Indonesia is among the largest coal exporters in the world. However, it has historically been plagued by illegal exports. This exacerbates the global coal glut and reduces tax rolls. The country is taking steps to solve that problem.
Right in the thick of things
Located above Australia, Indonesia is centrally located to supply growing Asian nations with raw materials. That has been a boon to the country's economy in recent years. However, as a collection of islands, keeping track of everything that goes on can be difficult.
That's why illegal exports are such an issue. The government has attempted to regulate this problem in the past, but recently appears to be taking a different approach. It's planning to build 14 coal terminals across two key islands so it has boots on the ground and, thus, a bigger hand in what goes in and out of the country.
The Energy Ministry's Coal Director, Edi Prasodjo, explained to industry watcher Platts that his country was on pace to produce around 425 million tonnes of coal this year. However, with an estimated 50 million tonnes of coal exported illegally, the problem becomes clear. Indonesia is potentially producing 10% more coal than its official numbers indicate, and it's missing out on tax revenues.
Why you should care
Growing demand in China and India, among other Asian nations, will be the driving force in global coal demand. Because of its location, Indonesia has a shipping advantage. That's true even when compared to southern neighbor Australia. So, if Indonesia can reduce the illegal exports, everyone wins since those volumes will have to be made up from legal sources. It gives Indonesia and Aussie miners like BHP Billiton (NYSE:BHP) a chance to increase "on the books" Asian exports.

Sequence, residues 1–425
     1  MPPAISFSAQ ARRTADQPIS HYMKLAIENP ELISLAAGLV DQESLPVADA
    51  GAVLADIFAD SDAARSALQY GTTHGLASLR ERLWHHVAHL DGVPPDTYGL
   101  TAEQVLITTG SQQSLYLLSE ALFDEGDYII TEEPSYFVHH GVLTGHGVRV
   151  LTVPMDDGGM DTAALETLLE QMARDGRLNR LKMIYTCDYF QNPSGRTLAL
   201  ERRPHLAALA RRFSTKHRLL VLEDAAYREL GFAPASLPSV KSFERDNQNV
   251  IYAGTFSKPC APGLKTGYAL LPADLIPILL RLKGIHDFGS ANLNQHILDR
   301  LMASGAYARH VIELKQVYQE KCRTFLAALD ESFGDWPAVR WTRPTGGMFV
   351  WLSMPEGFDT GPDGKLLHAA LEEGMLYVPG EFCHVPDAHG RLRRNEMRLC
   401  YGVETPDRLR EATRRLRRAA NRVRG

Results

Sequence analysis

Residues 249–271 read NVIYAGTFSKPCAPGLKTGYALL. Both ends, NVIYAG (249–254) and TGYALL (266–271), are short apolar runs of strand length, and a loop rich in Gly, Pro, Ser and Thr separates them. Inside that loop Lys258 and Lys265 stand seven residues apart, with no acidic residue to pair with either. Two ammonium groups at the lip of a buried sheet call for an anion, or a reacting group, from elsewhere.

On the thermal coal side of its business, BHP makes specific reference to a more than doubling of Indonesia's exports over the past five years as a driving force for thermal coal prices falling from $130 a tonne in 2011 to a recent level of $75 a tonne. The price drop has essentially forced austerity on miners throughout the industry.
BHP, for example, has plans to reduce its capital spending by 25% this year. It's also working to get more efficient. To that end, in the first half of its fiscal year (years end June) BHP was able to increase its truck utilization by 8%. All of this helps to keep BHP in the game and earning a profit. That said, falling commodity prices have reduced the company's operating margin from nearly 45% to just under 30% in three years. Earnings have tumbled, too.
Getting out of the market
While thermal coal isn't the biggest culprit behind BHP's problems (iron ore is), it certainly isn't helping. Less lucky has been Vale (NYSE:VALE). The company recently shuttered its Integra Coal Mine in Australia because "the operation is not economically feasible under current market conditions."
Vale's Integra produced about 4.5 million tonnes of thermal and steel making coal in 2013. It's not rocket science to figure out that Indonesia's swift production increase helped put a damper on Vale's profits and it had no choice but to shut down a money-losing operation. That said, if Indonesia can stop the 50 million tonne black market in its backyard, Integra might be able to come back on line—after all it represents less than 10% of Indonesia's illegal exports.
Building new ports in Indonesia won't happen overnight, nor is it an instant cure for what ails the global thermal coal market. However, if the country can get a handle on the illegal exports, the ports could be an important step toward getting supply and demand back in balance. That would be good news for miners with Australian operations like BHP and Vale. Indonesia may not be on your radar today, but this nation is worth watching because it has an outsized impact on the global thermal coal market.